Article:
Maryam Sheikh Abdi was only six when she was “led to the slaughterhouse for the cut”. This is how she describes her Female Genital Mutilation (FGM) ordeal in her heart-wrenching poem, ‘The Cut’.
In the second stanza, she lays bare the conflict of emotions she went through: ‘Deep within me was the desire to be cut / as pain was my destiny: it is the burden of femininity / so I was told. These painful thoughts and the desire to fit in – even if it meant undergoing unimaginable pain – is shared by girls and women across the world.
Now in her 40s, Ms Abdi told the Daily Nation in a past interview that her community (she’s a devout Muslim from Somalia but grew up in Garissa) practices infibulation, which she explained is cutting out the clitoris and labia of a girl or woman and stitching together the edges of the vulva to prevent sexual intercourse.
According to the World Health Organisation, infibulation is the most severe form of FGM. The mother of two said she hoped to see the day the world would be free of FGM but if Dr Tatu Kamau has anything to do with it, people like Ms Abdi and 200 million girls and women who have undergone the cut across the globe will not see that day.
In what will go down in history as one of the most outrageous and despicable acts against women, Dr Kamau, a physician, filed a bizarre petition to overturn Kenya’s Prohibition of Female Genital Mutilation Act in 2017.
She suggested that “adult women should be left to enjoy their rights to culture and to be allowed to conduct female genital mutilation” because it’s part of our heritage.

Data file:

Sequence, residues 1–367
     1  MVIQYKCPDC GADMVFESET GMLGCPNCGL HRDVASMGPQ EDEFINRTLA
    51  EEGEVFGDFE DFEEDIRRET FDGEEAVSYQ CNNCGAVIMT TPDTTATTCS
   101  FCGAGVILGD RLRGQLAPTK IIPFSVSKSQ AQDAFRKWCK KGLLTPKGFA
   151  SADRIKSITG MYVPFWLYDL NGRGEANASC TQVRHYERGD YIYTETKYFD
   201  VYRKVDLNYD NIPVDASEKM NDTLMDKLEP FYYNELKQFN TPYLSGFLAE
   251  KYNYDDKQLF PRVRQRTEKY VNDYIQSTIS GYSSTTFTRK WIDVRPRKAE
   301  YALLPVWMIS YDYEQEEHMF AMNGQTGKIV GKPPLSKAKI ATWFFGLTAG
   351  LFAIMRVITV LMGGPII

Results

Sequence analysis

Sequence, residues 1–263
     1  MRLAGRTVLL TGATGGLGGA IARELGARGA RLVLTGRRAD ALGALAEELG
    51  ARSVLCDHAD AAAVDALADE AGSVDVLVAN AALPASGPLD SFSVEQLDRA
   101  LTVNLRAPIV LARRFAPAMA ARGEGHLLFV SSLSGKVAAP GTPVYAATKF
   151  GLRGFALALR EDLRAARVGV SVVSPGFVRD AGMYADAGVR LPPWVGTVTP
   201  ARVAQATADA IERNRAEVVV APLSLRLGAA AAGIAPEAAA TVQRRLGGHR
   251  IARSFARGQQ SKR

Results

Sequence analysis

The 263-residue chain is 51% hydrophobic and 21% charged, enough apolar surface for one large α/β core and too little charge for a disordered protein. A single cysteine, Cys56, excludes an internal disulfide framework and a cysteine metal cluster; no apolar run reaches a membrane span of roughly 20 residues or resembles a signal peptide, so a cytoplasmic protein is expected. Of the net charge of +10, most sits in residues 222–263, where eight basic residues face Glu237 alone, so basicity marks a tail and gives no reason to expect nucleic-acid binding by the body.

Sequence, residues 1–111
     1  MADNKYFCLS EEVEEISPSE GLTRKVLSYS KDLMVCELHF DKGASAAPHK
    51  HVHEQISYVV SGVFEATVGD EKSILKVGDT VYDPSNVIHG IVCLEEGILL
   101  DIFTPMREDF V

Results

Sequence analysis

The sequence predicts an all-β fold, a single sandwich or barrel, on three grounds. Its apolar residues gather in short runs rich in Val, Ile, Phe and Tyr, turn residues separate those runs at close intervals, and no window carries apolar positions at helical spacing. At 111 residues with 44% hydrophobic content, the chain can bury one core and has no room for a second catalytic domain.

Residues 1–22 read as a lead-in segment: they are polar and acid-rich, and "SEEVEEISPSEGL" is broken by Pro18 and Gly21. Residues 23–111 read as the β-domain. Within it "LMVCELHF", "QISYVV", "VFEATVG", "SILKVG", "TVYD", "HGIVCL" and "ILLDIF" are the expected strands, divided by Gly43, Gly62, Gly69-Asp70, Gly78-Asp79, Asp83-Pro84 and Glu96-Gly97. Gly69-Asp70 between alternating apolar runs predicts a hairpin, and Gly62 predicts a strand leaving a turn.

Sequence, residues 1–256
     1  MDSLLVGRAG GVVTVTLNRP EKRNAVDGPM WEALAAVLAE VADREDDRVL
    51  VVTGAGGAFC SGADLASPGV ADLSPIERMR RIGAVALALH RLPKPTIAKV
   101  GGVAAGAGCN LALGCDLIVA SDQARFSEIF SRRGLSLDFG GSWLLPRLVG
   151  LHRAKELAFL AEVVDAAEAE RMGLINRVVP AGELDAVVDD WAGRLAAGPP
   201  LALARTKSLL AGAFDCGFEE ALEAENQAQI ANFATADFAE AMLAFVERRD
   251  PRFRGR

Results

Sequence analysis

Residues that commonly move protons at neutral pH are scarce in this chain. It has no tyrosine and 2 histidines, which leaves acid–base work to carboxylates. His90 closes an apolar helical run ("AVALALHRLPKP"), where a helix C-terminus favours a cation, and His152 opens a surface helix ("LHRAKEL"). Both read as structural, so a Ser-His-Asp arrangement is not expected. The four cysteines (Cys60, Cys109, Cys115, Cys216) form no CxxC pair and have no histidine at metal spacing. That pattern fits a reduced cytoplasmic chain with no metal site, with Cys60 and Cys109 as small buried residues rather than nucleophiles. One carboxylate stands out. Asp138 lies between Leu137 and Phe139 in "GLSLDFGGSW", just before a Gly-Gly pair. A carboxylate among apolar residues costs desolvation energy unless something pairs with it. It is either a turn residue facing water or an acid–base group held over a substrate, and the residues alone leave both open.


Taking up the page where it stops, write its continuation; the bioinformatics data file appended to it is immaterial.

Maybe she forgot that our heritage is not about complications during childbirth, anaemia, cysts and abscesses, urinary incontinence and painful sexual intercourse, among a host of other complications that FGM brings.
Calling the term FGM a Western misnomer and with no scientific backing to prove her wild claims, she testified during the court case in October 2019 that cut women “are more fertile and don’t bother their husbands for sex”.
One need not be any kind of activist to smell the stench of misogyny and patriarchy packed neatly in those few words, which sufficiently label women who, for one reason or the other are infertile, or who have a healthy, normal sexual appetite as “others”, social pariahs, rebels, undeserving to be called women. In short? Women who need to be cut so they could toe the line to meet backward cultural demands.
MAKE A CHOICE
One might argue that Dr Kamau is not talking about children like Ms Abdi but about adults who can make a choice.
But the idea of choice here is ludicrous because research has shown that even adult women who “choose” to undergo the cut do so in response to a culture that stigmatises them and finds them revolting if they don’t, leaving them between a humongous rock and a very, very sharp razor blade.
And even if Dr Kamau is not championing infibulation, the dreadful effects of FGM remain the same.
If it worries you in any way that what the doctor is advocating is the epitome of delusion, you’re not alone. She’s found herself on the wrong side of public opinion and is fighting a lonely battle. But maybe there’s something else beneath the rough exterior of delusion.
Perhaps Dr Kamau is screaming for help through this attention-seeking stunt. She might be a victim of a culture that delights in oppressing women because in its true form, FGM is less about clitoridectomy, excision or infibulation and more the pernicious effects of a culture of violence and discrimination against women. FGM tells women that they don’t own their bodies, and this is dangerous.
Rubber-stamping FGM as an act that’s good for women makes the doctor blatantly complicit in perpetuating a culture of patriarchy. Legalising FGM would open the floodgates of other forms of violence and discrimination against women. It’s akin to punching women and kicking them, then watching them fall face-first into a deep, dark hole of oppression.
The writer is the editor, ‘Living Magazine’; [email protected]